CIT 591 More About the Second Java Assignment CIT 591, David Matuszek, Fall 2002

First: My sincere apologies; I had the algorithm right the first time. It should go like this:

```      numerator = 1;
temp = 0;

denominator = numerator;
numerator = (numerator * last-unused-denominator) + temp;
temp = denominator;```

Basically, what happened was this: After the program was working, I must have made some "trivial" change to it that I forgot about (something I've warned you against). When I went to post the inner loop statements in the program, I discovered that my program wasn't working correctly; it gave the inverse of the correct answer. I thought I must have been reading the results incorrectly earlier (I had not been printing them out in a neat "fraction" format), so I "fixed" the program.

The error was not in the inner loop (for which the correct code is given above); it was in computing the denominators. I had one too many zeros in the array of denominators, so that instead of looking like

`0 1 1 2 1 1 208332`

(for 0.5833333), the array looked like:

`0 0 1 1 2 1 1 208332`

If you look at the math, the effect of having this extra zero in front is to invert the final answer, so that instead of `7/12`, you get``` 12/7```. I "corrected" my mistake in the wrong place.

Students have been asking what the output should look like. That's basically up to you, so long as you include all the information that I asked for. Here's what mine looks like (for pi):

```Program by David Matuszek
Input decimal number to be converted: 3.141592653589793

All computed denominators:
3  7  15  1  292  1  1  1  2  1  3  1

Using these 1 denominators: 3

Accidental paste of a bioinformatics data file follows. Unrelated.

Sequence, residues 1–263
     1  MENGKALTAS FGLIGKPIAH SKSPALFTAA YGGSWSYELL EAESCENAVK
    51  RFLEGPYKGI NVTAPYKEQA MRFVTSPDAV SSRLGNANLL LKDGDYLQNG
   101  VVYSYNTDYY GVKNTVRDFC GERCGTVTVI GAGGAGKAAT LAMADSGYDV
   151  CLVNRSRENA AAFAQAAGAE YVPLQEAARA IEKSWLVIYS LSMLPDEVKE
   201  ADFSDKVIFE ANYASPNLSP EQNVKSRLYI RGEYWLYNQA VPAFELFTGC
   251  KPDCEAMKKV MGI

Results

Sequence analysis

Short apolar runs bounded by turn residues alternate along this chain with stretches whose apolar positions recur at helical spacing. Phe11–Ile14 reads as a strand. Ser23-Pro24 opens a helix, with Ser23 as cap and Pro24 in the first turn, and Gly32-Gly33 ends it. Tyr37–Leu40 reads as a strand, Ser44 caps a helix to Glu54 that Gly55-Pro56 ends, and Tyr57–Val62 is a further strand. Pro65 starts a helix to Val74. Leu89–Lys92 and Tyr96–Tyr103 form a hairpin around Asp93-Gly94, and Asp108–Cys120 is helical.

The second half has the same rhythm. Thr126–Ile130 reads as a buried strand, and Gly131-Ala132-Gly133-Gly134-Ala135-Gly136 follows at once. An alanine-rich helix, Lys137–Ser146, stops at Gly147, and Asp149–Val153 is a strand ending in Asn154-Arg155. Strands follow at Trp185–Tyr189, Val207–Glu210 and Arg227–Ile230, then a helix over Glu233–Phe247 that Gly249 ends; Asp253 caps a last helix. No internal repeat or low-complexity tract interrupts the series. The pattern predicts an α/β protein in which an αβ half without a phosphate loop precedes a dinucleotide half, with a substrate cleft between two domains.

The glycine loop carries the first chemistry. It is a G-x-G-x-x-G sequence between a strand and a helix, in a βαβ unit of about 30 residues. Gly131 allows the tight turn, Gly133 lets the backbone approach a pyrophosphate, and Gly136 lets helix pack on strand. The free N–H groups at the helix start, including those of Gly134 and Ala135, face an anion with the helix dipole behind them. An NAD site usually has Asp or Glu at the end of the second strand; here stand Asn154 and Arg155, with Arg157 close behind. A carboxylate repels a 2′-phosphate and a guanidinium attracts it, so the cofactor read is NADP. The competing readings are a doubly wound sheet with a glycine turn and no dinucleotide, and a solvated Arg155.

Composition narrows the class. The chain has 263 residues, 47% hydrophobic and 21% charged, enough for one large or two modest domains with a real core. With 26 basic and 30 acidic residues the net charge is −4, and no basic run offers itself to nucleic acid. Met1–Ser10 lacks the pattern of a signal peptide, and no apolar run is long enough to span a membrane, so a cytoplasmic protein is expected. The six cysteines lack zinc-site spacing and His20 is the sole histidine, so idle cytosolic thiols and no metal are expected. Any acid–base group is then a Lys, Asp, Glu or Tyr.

fraction = 3/1, value = 3.0, goodness = 7, error = 4%

Using these 2 denominators: 3  7
fraction = 22/7, value = 3.142857142857143, goodness = 15, error = 0%

Using these 3 denominators: 3  7  15
fraction = 333/106, value = 3.141509433962264, goodness = 1, error = 0%

Using these 4 denominators: 3  7  15  1
fraction = 355/113, value = 3.1415929203539825, goodness = 292, error = 0%
```

There seems to be a lot of confusion about the fact that the program is supposed to compute a sequence of approximations. The question I keep hearing is, "What is N?"

In the section of the assignment labeled The Math, I talked about how to start with the six denominators `0 1 1 2 1 1` representing the expression `0 + 1/(1 + 1/(1 + 1/(2 + 1/(1 + 1/1))))`and turn this into the fraction `7/12`. Along the way I computed the partial results `1/2`, `2/5`, `5/7`, and finally `7/12`. Except for the last one, these are not approximations to 0.5833333; they are just fractions that occur during evaluation of the expression. You might want to see these fractions for debugging purposes, but I don't want to see them.

You could also compute a fractional approximation to 0.5833333 by using only five denominators `0 1 1 2 1`. You would get `4/7`, which is not as good an approximation to 0.5833333 (it's 0.5714285). Or your could use four denominators and get `3/5` (which is 0.6). You could use any number of denominators, and the more denominators you use, the better the approximation (up to the limits of the computer's accuracy).

The assignment says to use one denominator, compute and print the results (fraction, decimal value, goodness, and percent error), then to use two denominators and print your results, then use three denominators and print your results, etc. N is the number of denominators to use. Each approximation will require a complete computation. Each approximation will be more accurate than the preceding one. Stop when either (1) you have used 12 denominators, or (2) the next unused denominator is greater than 20, whichever comes first.